In the second case, Sagaser v. McCarthy (1986) 176 Cal.App.3d 288 (Sagaser), plaintiffs brought a CEQA challenge to the construction of a prison that the Court of Appeal dismissed as moot following the Legislature's passage of a bill that exempted the proposed prison from CEQA compliance. (Id. at p. 298.) Regarding attorney fees, the court noted that the legislation also prohibited the prison from using local groundwater, the requested result of one of plaintiffs' dismissed causes of action and their primary area of environmental concern. The Court remanded the matter to the trial court to determine if plaintiffs' lawsuit affected the Legislature's decision to prohibit the use of ground water. (Id. at p. 315.) If such a showing was made, plaintiffs would be deemed successful parties and would be entitled to attorney fees under a catalyst theory of recovery. (Ibid.)

Both cases are distinguishable. In Harbor, the Court agreed with petitioners' primary contention but, for policy reasons, decided not to provide petitioners with the benefit of that conclusion. Harbor involves a unique circumstance. In granting fees the Court stated, "We believe [petitioners] are entitled to such an award, even though their named clients have not personally benefitted. They are the 'successful' party in that the impact of our decision is to vindicate the principle upon which they brought this action, i.e., that the Governor's power to veto legislation cannot be exercised to invalidate part of a bill which is not part of an appropriation bill.... It is obvious that private enforcement to give effect to [the specific provision] was necessary since the director of the department refused to promulgate regulations to implement the section." (Harbor, supra, 43 Cal.3d at p. 1103).

In other words, the parties were forced to bring the lawsuit in order to enforce their rights under the statute and to assert that the Governor could not veto for the reason stated. In effect, while they lost on their basic assertion to enforce a right they argued was wrongly vetoed, the consequence was a significant determination of the Governor's veto power and the conclusion that the Governor could not do what he did.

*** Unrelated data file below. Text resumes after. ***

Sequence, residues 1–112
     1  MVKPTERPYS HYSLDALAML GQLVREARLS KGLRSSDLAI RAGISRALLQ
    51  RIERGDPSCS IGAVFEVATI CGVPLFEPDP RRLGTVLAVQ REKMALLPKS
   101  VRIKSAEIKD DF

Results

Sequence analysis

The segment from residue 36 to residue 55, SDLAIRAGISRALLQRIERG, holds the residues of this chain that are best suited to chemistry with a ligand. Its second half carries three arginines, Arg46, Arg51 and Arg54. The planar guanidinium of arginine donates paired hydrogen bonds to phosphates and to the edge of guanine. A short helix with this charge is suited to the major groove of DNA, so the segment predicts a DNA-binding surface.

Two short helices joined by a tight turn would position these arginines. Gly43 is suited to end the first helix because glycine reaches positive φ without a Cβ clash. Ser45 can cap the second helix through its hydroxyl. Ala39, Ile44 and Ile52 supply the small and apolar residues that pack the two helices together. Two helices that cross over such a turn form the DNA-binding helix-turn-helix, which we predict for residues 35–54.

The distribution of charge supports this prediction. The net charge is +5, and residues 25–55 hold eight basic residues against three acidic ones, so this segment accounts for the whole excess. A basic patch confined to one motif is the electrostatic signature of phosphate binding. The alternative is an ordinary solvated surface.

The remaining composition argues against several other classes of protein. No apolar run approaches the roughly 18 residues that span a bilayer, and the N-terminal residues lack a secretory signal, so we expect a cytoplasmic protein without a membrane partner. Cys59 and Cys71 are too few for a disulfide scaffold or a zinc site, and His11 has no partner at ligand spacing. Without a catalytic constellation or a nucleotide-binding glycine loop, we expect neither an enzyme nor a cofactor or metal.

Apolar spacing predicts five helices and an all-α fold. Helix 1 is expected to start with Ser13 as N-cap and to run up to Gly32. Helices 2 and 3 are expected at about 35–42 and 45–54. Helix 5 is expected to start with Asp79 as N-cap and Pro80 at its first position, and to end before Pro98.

In Sagaser, supra, 176 Cal.App.3d 288, the court remanded the case for a determination of whether the lawsuit was the catalyst for the Legislature's decision to prohibit the prison's use of groundwater, a primary goal of the lawsuit. Like Harbor, supra, 43 Cal.3d 1078, the award of attorney fees was based on the fact that the moving parties had or potentially had prevailed on their primary claim. In contrast, plaintiffs here lost on their primary contention that CDF's approval of the Plans must be overturned because SPI and CDF had not followed the law in analyzing the effects of potential herbicide use.

This case is more analogous to Concerned Citizens, supra, 131 Cal.App.4th 329. There, petitioners sought a writ of mandate challenging the approval of a proposed Costco warehouse facility. They alleged six causes of action, one of which was the failure to comply with CEQA. The court rejected five of the causes of action, but agreed with one of the alleged CEQA defects, and found that a mitigated negative declaration certified by the City needed revision. The City had failed to support its conclusion that the project would generate an insignificant increase in traffic through the adjacent neighborhoods. The trial court issued a writ rescinding approval of the project until the revision was made. (Id. at pp. 331-333.) Subsequently, petitioners moved for attorney fees under section 1021.5, but the superior court denied the request finding that petitioners were successful in one small regard and were unsuccessful on all significant issues. (Id. at p. 333.)

On appeal, petitioners argued the litigation conferred a significant benefit on a large segment of the public. They asserted that all commuters in the vicinity of the project benefited from requiring the City to comply with CEQA, which was enacted to protect the public interest. (Concerned Citizens, supra, 131 Cal.App.4th at pp. 334-335.) The Court of Appeal disagreed and held the mere vindication of a statutory violation was not sufficient to be considered a substantial benefit by itself. (Id. at p. 335.) While the trial court agreed the project did not adequately support the conclusion that the effects of cut-through traffic were mitigated, it felt the inadequacy was a "'minute blemish'" that could be repaired. At best, petitioners had successfully asserted a defect in CEQA's process, the correction of which was not likely to change the project. (Ibid; and see, Marine Forests Society v. California Coastal Com., supra, 160 Cal.App.4th at pp. 879-880 [corporation that unsuccessfully challenged a Coastal Commission authority to require it to remove an experimental reef was not entitled to attorney fees. Even though the action resulted in the amendment of the statute governing the composition of the Commission, the corporation did not achieve its primary goal of preventing removal of the reef].)